If civil strife is over and the currency is weak, it's time to go travelling.
As the gunsmoke clears it is time to book your holiday
It was one of the Rothschilds who came up with the first investment strategy: "Buy on the sound of gunfire, sell on the sound of treaties being signed." His theory was that as the bangs went off everybody would be running for the exit, so one could pick up a bargain. Once peace broke out, confidence would return even if the fundamentals were unsound, so it was a good time to sell. I have never had much luck with stockmarket investing - every share I buy halves in value, regardless of whether there are bombs going off or Mont Blanc pens being emptied of ink. But I have a travelling tip, adapted from Lord Rothschild's mantra: "When a currency tumbles and the shooting stops, book your holiday."
Not only will you get a cheaper holiday but there will be fewer people about. The golden age of travel may be over but at times it can be recreated. Evelyn Waugh published a travel book in the 1940s called When the Going was Good. For him, the golden age of travel was the 1930s, perhaps because at the time of the Great Depression few were tooling around on boats or aeroplanes. On occasions I have struck gold on my travels. 2002 was a very good year. This included attendance at a World Summit on Sustainable Development in Johannesburg. The rand was in a miserable state, heading towards 20 rand to the pound sterling. This might have been bad news for the beleaguered importers and a matter of grave concern for the country's central bank governor but it was mightily pleasing for me. For once in my life I shopped like my wife, filling my suitcase with new clothes and buying another suitcase and filling that too. Eating out was marvellous fun. I recall a team of us going out for sushi. Eight of us ate as much as we could, then I settled a derisory bill of just US$80 (Dh295).
Next stop was Argentina. Having tried unsuccessfully to peg the peso to the dollar at one-to-one, in January 2002 it abandoned its efforts. By the time I arrived there were four pesos to every dollar. Once more shopping was a joy and eating out positively risible. I even considered buying an apartment in La Recoleta, the swankiest part of Buenos Aires, but I didn't, mainly because I had spent all the money on bluefin tuna. If I had, my investment would have more than quadrupled by now.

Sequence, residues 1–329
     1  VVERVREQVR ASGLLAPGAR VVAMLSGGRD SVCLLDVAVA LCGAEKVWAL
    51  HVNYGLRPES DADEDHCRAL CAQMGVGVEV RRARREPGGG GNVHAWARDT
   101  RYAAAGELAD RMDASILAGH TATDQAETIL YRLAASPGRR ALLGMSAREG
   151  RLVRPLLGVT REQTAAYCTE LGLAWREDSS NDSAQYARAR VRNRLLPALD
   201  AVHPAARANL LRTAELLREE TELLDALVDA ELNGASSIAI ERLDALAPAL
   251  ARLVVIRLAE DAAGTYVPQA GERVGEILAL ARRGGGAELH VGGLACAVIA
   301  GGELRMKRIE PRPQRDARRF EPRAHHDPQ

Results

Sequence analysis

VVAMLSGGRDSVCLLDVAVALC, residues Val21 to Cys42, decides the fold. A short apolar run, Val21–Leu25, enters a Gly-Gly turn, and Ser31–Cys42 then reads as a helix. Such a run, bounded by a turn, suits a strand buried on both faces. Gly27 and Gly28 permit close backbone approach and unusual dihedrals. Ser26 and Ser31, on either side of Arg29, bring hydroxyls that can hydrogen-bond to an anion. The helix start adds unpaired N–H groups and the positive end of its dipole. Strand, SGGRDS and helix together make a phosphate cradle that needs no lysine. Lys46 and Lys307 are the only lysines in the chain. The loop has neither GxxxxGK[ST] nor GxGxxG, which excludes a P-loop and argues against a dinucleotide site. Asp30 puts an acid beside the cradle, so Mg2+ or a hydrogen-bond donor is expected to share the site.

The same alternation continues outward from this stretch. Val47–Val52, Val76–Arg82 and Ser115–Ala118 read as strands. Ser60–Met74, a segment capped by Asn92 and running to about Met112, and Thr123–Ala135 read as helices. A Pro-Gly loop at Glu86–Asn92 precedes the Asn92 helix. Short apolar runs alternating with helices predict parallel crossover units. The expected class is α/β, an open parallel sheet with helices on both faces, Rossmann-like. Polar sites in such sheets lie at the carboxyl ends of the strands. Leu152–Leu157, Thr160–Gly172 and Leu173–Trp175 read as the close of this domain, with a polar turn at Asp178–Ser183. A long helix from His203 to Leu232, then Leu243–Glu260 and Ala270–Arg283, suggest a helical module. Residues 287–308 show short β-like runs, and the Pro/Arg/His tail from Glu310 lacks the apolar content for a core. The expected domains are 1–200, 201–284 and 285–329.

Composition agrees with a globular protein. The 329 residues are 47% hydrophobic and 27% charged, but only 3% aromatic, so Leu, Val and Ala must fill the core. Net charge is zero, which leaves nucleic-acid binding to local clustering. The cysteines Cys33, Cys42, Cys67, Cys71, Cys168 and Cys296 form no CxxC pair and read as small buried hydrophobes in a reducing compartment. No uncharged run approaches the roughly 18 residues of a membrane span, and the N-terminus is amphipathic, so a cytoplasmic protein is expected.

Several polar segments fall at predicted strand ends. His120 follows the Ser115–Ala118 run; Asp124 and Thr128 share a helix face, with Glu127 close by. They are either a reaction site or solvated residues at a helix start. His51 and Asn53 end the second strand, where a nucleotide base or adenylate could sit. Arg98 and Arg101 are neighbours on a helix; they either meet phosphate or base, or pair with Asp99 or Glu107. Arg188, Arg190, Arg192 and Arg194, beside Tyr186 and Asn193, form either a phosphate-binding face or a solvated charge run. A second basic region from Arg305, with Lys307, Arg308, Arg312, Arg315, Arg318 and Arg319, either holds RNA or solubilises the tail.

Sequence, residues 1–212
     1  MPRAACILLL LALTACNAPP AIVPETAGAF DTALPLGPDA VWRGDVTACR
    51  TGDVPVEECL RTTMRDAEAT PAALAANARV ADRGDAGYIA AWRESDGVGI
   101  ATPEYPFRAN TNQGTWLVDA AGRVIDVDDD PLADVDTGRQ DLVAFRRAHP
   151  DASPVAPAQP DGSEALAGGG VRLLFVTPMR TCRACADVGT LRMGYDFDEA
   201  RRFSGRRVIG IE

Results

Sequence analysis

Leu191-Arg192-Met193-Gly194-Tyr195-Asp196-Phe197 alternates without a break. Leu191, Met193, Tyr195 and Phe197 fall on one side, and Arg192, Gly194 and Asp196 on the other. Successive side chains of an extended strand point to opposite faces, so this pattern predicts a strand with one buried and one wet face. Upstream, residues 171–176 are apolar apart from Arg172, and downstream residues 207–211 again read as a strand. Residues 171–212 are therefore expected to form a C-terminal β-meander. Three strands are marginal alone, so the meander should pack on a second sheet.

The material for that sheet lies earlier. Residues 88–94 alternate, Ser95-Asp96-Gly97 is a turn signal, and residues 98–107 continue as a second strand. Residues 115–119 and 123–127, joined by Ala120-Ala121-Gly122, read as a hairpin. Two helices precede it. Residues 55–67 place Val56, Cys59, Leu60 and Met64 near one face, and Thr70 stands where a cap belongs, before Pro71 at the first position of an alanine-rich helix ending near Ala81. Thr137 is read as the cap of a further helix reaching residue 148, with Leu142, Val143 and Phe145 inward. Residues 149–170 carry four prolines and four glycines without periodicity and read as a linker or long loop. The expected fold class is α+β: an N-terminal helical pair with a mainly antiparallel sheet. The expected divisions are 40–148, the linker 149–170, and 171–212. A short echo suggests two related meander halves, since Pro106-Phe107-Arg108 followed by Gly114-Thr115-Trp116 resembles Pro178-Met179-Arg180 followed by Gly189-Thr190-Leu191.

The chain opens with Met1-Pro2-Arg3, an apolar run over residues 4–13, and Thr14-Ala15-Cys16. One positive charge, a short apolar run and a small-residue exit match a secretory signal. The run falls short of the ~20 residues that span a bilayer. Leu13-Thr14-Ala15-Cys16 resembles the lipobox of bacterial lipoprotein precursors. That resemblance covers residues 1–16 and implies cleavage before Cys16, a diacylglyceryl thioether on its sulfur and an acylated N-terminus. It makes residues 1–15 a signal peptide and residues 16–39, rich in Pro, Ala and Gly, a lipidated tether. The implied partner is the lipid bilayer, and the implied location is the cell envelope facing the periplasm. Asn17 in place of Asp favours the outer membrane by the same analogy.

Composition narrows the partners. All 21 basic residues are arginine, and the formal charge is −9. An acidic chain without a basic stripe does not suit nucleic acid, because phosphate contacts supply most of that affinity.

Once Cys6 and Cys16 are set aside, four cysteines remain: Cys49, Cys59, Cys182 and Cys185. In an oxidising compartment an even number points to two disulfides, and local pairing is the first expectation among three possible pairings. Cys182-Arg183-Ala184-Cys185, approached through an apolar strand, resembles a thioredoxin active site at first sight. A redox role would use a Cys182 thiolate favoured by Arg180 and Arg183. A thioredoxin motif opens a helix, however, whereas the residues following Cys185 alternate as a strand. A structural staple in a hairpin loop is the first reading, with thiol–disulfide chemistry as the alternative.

By now you will have got the gist of my theory. A fortnight ago I went to Thailand. Four weeks earlier there were rioters in the roads; now there's just traffic jams. But the hotels are empty and the salesmen are delighted to see you. For a country that derives a good portion of its revenue from tourism, having blood on the streets is a disaster. But for the canny traveller, it's a positive boon. You can get tables at all the best restaurants, there is hardly a queue at the Grand Palace and there are yards of silk for sale at discounted prices at all the Jim Thompson shops.
It is tempting to conclude that with the redshirts moved on, the country will return to normal. However, everybody I spoke to suggested that what we were experiencing was just the lull before the storm. One American who had lived in the country for more than 20 years with a thriving import business had been horrified by what he saw. "We all love Thailand for the peace and calm of its people," he said. "But I have never before witnessed such an outpouring of anger."
Travellers to Thailand are unlikely to be targeted but they could easily be caught up in further rioting. Of course, if you have plenty of money or time, that won't bother you because you can afford to hole up at the Mandarin Oriental Hotel until the airport reopens or the roads clear, but it could be a lengthy stay. Thais are talking about "Prong Dong" or reconciliation, but there is a clear divide between the ruling classes led by Old Etonian prime minister Abhisit Vejjajiva and his opponents, the supporters of Thaksin Shinawatra, the deposed and now exiled former prime minister.
Even Mr Abhisit, known at Eton as "Veggie", isn't convinced that the deep economic and social rifts in Thailand, which in part sparked the demonstrations, can be healed by his road map to reconciliation, which includes new elections at a date yet to be determined and an impartial investigation into the killings of almost 90 people during the two-month-long crisis. "Even if 80 per cent of the people support this plan it's not enough. It's possible success would need upward of 95 per cent," he said.
That is looking increasingly unlikely. Much as I love Thailand, I think I may have to start looking around for another holiday destination. Japan is clearly out, for its currency is defying gravity. Greece is also impossible, because who wants to spend a holiday on the quayside? Jamaica might be fun, particularly now Mr Coke has been apprehended and in any case my favourite hideaway Goldeneye, where Ian Fleming wrote the James Bond books, is far away from the action. More attractive perhaps is China, which must be worth a visit soon. There is little chance of insurrection, so it's time to get there before the yuan's revaluation really kicks in.